Okey Dokey did begin as a way to facilitate our need to create in a climate that was in an immense shift. Bands were breaking up left and right and Johnny asked me if I wanted to do something about it. My only two musts were that we collaborate on the reg, and that we are always in the cover of our work in the way that I have seen hip hop artists do. Personality forward. That has only grown stronger, so I guess the biggest change is the way that we all hold each other accountable for the words we put in our songs and the choices we make. We also have the benefit of having the same best friend, who also happens to be in our band. Jeremy (unleashed) Clark (keys) keeps us straight and focused when we can’t do it by ourselves. Quite the weapon.
Anna Kathryn: I loved Love You, Mean It and I’m very much looking forward to hearing your new album which is set to release later this year. What was the recording process for this new one like? How did it differ from the mindset when creating "Wavy Gravy" in 2016?
I’d say the biggest difference between the two albums is really just what I had to say. We kept working on music after the first album was all said and done, so the process didn’t really change that much, other than the fact that we don’t have any songs that refer to specific moments. All of the songs speak to bigger sweeping issues that I felt we all face, in one way or another, in our mid twenties. The album has a very hopeful emotion locked in and I’m very proud of that fact.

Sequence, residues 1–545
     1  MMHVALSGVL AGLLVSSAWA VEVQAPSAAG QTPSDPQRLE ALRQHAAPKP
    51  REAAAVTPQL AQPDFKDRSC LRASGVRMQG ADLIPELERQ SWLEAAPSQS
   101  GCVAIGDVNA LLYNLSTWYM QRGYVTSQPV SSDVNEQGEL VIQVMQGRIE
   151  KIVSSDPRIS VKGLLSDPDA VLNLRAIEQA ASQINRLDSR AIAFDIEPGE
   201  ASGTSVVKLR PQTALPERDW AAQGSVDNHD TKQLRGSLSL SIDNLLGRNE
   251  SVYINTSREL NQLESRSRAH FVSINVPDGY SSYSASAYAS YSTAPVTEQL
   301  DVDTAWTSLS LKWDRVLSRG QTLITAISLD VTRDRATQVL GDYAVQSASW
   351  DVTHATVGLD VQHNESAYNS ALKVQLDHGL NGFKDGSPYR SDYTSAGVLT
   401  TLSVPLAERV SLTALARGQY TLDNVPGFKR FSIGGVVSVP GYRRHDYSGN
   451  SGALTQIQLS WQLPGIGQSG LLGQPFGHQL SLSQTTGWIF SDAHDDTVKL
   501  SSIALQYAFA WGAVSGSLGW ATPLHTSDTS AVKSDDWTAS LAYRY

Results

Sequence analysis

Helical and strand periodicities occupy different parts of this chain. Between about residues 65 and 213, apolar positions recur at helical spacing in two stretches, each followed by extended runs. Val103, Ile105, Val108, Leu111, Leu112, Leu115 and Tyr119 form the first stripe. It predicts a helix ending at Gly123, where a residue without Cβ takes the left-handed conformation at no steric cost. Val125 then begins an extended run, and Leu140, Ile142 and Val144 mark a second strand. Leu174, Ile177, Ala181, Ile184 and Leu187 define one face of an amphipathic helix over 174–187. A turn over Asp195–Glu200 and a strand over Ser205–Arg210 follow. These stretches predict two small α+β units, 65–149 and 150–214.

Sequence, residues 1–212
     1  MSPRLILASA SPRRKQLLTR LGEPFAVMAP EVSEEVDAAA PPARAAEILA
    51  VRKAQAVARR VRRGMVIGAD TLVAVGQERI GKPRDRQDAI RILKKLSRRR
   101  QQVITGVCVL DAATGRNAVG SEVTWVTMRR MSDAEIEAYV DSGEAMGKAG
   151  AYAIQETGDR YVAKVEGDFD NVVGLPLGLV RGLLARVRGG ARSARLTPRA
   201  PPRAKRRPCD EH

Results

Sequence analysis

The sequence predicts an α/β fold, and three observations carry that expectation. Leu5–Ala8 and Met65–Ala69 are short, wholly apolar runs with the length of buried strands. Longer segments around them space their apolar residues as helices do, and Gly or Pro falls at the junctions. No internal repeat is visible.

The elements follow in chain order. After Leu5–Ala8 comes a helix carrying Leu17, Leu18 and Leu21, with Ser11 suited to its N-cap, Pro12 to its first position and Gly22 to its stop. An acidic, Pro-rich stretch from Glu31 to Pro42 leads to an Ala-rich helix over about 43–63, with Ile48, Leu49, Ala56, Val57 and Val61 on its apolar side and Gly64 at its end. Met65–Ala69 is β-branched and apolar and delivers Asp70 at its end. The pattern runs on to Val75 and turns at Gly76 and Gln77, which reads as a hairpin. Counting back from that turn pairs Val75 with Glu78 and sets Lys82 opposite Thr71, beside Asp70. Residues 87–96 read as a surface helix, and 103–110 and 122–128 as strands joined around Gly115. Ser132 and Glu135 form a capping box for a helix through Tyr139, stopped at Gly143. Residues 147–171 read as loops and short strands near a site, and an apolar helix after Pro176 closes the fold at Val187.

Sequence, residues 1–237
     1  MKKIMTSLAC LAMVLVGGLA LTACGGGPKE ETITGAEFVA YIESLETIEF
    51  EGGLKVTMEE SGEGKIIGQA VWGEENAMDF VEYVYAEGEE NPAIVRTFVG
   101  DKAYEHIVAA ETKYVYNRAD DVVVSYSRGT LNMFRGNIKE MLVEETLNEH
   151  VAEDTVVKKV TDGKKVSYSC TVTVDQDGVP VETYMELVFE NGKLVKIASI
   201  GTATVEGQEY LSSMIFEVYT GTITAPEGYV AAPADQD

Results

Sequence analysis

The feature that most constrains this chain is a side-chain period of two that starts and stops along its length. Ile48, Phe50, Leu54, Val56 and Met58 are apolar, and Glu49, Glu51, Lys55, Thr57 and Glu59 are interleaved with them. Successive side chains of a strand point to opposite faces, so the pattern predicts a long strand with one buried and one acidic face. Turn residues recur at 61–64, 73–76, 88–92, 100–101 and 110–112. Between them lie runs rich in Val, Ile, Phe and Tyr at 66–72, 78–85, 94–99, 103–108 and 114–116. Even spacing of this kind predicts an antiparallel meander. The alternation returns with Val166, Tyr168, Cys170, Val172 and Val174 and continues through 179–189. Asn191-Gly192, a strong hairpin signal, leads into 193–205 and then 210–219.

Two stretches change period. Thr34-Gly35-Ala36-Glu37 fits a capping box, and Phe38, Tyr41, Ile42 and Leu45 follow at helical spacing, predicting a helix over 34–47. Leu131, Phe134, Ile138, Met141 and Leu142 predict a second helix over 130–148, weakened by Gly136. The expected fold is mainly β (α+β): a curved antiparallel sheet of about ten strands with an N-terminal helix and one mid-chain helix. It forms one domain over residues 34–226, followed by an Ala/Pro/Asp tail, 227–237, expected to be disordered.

Anna Kathryn: You’ve collaborated with members of many of Nashville’s favorite bands. How do you work to create a cohesive sound with various musicians rotating in and out?
Typically we have a plan and we will guide people through it. My main thing is never saying no to something someone has written. I prefer to say, “well, what about this?” That gives a better sense of comfort to the session and I get to show people what they never knew they were gonna do. However, there are certain people like Rayland Baxter or Liz Cooper who we wanted to write with from scratch. They both have incredible personal narratives and I wanted to soak up those personalities in a more honest fashion. Both have songs we did together on the new album.